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Rev. Gary Davis was a prolific guitar player. A protégé aims to keep his legacy alive

Fingerstyle guitarist, singer and music producer Stefan Grossman.
Sergio Kurhajec
Fingerstyle guitarist, singer and music producer Stefan Grossman.

Updated December 12, 2022 at 1:23 PM ET

Stefan Grossman sees himself as a "bridge." In the early 1960s, Grossman studied with blues and gospel singer Rev. Gary Davis, who sang on the streets of Harlem and taught at his home in the Bronx. Davis' fingerpicking style influenced guitarists, some of whom went on to major careers in American roots music.

Grossman has made it his life's work to pass on Rev. Davis' teachings. "I want to pass on the joy of playing this music to others, just as Rev. Davis passed it on to me," he says.

Grossman was 15 years old when he started making the trek from Brooklyn to the Bronx to study with Rev. Davis. When he first called Davis, he got the same reminder that all of the blind Baptist minister's students received: "Bring your money, honey."

Sometimes Grossman's lessons lasted all day. He often brought a tape recorder with him and over several years recorded Davis at home, in church and at Gerde's Folk City, a Greenwich Village nightclub.

"Besides being a master musician, he was a master teacher," says Grossman. "He taught music in the way that all great traditional music is taught – by imitation."

He treated his students like family

Davis' song "Death Don't Have No Mercy" was covered by Bob Dylan and the Grateful Dead. Another tune from Davis' repertoire, "Samson and Delilah," was recorded by Peter, Paul and Mary. Although he didn't write the song, the trio credited him as its author and the resulting royalties allowed the once-impoverished musician to buy a home in Queens.

A scholarly list of the many prominent performers who studied with Rev. Davis at one point includes Ry Cooder, Janis Ian and Harry Chapin. But Grossman says there were a lot of people who had just one lesson with the man.

"There was a handful of us that really spent time with Rev. Davis – personal time," Grossman explains. "We were like grandchildren to him and he treated us with such warmth and care. You couldn't ask for anything more."

David Bromberg was one of those students. He recalled that at the time he studied with the reverend, the blind musician's guitar was "continually stolen." At one of Bromberg's performances in a small Greenwich Village club, Davis stood up in the audience and declared, "I have no children but I have sons." It was his way of claiming Bromberg and Grossman as his proteges.

A student becomes a teacher

Grossman says that once he became a decent fingerpicker, Rev. Davis admonished him about playing in public until the reverend said it was OK – the idea being that Grossman would be carrying Davis' name into the world and that he shouldn't do so until his teacher thought he was ready.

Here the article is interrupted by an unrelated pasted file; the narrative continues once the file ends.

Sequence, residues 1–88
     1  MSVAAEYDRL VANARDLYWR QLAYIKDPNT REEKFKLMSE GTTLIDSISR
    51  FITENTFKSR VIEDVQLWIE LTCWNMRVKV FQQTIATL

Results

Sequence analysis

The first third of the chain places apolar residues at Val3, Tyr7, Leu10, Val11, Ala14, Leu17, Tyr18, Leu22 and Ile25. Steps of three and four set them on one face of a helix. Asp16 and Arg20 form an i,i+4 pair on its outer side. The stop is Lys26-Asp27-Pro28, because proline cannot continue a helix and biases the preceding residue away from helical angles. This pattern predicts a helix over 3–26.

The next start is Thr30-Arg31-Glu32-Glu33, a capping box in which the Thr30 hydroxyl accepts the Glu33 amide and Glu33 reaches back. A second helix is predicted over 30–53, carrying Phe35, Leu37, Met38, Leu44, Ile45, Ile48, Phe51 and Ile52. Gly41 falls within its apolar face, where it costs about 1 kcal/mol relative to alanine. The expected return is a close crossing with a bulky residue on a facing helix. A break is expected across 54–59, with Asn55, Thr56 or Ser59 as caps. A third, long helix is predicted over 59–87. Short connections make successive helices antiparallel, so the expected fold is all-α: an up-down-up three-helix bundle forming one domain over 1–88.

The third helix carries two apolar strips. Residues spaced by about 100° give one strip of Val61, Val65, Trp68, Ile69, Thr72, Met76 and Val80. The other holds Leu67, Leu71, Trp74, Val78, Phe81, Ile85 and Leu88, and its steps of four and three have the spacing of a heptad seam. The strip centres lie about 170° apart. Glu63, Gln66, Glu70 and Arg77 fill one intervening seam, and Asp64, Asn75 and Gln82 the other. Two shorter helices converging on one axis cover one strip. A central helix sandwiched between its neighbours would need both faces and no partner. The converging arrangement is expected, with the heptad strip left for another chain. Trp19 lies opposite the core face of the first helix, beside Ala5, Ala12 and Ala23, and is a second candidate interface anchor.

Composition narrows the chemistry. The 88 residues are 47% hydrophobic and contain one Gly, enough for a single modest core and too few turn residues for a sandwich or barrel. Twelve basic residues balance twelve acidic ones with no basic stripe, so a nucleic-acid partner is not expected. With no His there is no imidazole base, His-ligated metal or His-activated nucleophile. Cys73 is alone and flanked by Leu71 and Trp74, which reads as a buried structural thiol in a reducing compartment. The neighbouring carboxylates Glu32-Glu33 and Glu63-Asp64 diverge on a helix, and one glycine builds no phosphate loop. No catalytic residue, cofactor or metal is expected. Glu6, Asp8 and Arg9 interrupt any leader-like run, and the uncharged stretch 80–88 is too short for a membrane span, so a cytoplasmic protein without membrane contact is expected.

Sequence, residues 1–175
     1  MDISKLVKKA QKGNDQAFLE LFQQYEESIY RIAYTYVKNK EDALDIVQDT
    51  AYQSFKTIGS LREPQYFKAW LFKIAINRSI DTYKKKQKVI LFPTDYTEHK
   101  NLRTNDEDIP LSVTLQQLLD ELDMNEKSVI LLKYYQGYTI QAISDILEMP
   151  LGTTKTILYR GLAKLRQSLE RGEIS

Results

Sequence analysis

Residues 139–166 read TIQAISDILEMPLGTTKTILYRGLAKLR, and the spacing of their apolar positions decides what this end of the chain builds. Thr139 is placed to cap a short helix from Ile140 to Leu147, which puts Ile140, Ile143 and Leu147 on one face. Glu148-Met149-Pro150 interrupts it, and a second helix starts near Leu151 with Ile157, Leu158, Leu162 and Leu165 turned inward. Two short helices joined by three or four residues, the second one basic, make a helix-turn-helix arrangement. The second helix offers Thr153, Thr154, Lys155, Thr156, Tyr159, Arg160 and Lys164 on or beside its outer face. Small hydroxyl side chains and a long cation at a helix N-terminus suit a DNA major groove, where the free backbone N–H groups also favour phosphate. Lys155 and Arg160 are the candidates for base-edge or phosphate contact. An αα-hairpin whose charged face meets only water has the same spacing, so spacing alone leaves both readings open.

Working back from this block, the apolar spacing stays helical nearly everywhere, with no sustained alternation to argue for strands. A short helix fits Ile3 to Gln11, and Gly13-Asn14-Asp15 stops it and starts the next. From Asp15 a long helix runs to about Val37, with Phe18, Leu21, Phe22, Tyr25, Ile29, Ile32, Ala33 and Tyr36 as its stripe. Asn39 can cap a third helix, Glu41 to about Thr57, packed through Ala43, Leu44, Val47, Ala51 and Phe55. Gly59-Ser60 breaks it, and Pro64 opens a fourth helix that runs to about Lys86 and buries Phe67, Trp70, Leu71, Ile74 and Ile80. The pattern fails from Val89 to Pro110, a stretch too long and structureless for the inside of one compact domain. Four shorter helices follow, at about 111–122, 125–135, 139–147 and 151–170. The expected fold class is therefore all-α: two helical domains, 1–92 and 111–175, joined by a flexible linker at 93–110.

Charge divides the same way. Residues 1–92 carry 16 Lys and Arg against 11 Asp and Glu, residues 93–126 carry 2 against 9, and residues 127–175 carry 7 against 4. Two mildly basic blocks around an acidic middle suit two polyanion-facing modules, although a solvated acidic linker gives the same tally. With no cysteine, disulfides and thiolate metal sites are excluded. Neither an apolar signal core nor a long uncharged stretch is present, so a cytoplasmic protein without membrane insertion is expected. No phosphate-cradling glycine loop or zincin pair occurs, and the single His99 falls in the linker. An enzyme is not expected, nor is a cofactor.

A Blues and Gospel singer, Rev. Gary Davis inspired generations of artists.
/ Stefan Grossman
Stefan Grossman
A Blues and Gospel singer, Rev. Gary Davis inspired generations of artists.

In the late 1960s, Grossman spent time performing in England where he was friends with musicians Eric Clapton and John Renbourn. His eclectic performance career includes being tapped for an acoustic band on the West Coast that included Janis Joplin and Taj Mahal but due to contractual conflicts, the group was disbanded after the initial rehearsals. Grossman ultimately decided to focus on teaching, not performing.

On his Guitar Workshop website, some of the instructors are guitar heroes like Bromberg. But others, like David Laibman, are hardly household names. Laibman is a master of ragtime guitar who was an economics professor at Brooklyn College. Although most of the lessons are purchased online, the business still sells DVDs and CDs. Many of the titles focus on the music of African American artists of the early 20th Century.

"Fingerpicking was really explored and extended by the Black musicians in the 1920s," says Grossman. "Those were the great, great players. That was the stuff that really intrigued me."

New technology helps teach an old style

Grossman's guitar lessons were initially distributed on reel-to-reel audio tape via snail mail but now — more than 50 years later — the lessons are downloaded as video files. That's also how the technology evolved at Homespun Music Instruction, which was founded by Happy Traum, the Woodstock musician who used to perform with his brother, the late Artie Traum.

"There are people all over the world who love this kind of music but they're isolated," Traum tells NPR. "Maybe they go to a festival and then come home all fired up and say, 'Now what do I do?' I think in those cases [web videos are] the perfect outlet for people to get this kind of instruction."

The playback software used for instructional guitar videos allows aspiring fingerpickers to easily slow down the material they're trying to learn, something that was much harder to do back in the 1960s when students had to drop a phonograph needle on a particular spot on a vinyl record.

"I used to sit with an LP and keep putting the needle down on a Merle Travis record to try to figure out the licks," Traum recalls. "That was work."

With the analog technology, slowing down playback caused a change in pitch and certain octaves became inaudible, something that doesn't happen with the software used for the playback of the video lessons.

Homespun started at around the same time as Grossman's instructional guitar business. Traum says that he, like Grossman, is a preservationist.

"Stefan is a master himself," says Traum. "I have a lot of respect for what he does."

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